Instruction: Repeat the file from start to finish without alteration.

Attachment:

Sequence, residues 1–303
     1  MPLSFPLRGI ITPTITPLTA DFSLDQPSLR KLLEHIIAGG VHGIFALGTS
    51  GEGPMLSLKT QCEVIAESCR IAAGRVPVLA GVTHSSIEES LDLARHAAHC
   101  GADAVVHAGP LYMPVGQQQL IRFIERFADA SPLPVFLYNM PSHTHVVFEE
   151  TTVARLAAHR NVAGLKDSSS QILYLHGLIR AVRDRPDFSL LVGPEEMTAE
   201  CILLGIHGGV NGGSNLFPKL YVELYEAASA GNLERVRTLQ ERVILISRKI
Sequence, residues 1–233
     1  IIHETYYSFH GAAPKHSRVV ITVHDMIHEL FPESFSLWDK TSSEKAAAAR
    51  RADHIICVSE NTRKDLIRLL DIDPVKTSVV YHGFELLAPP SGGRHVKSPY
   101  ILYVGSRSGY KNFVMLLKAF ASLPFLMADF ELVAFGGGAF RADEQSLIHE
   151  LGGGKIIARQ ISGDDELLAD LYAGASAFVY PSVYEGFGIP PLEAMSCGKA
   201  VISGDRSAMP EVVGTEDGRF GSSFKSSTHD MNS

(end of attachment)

Sequence, residues 1–303
     1  MPLSFPLRGI ITPTITPLTA DFSLDQPSLR KLLEHIIAGG VHGIFALGTS
    51  GEGPMLSLKT QCEVIAESCR IAAGRVPVLA GVTHSSIEES LDLARHAAHC
   101  GADAVVHAGP LYMPVGQQQL IRFIERFADA SPLPVFLYNM PSHTHVVFEE
   151  TTVARLAAHR NVAGLKDSSS QILYLHGLIR AVRDRPDFSL LVGPEEMTAE
   201  CILLGIHGGV NGGSNLFPKL YVELYEAASA GNLERVRTLQ ERVILISRKI
Sequence, residues 1–233
     1  IIHETYYSFH GAAPKHSRVV ITVHDMIHEL FPESFSLWDK TSSEKAAAAR
    51  RADHIICVSE NTRKDLIRLL DIDPVKTSVV YHGFELLAPP SGGRHVKSPY
   101  ILYVGSRSGY KNFVMLLKAF ASLPFLMADF ELVAFGGGAF RADEQSLIHE
   151  LGGGKIIARQ ISGDDELLAD LYAGASAFVY PSVYEGFGIP PLEAMSCGKA
   201  VISGDRSAMP EVVGTEDGRF GSSFKSSTHD MNS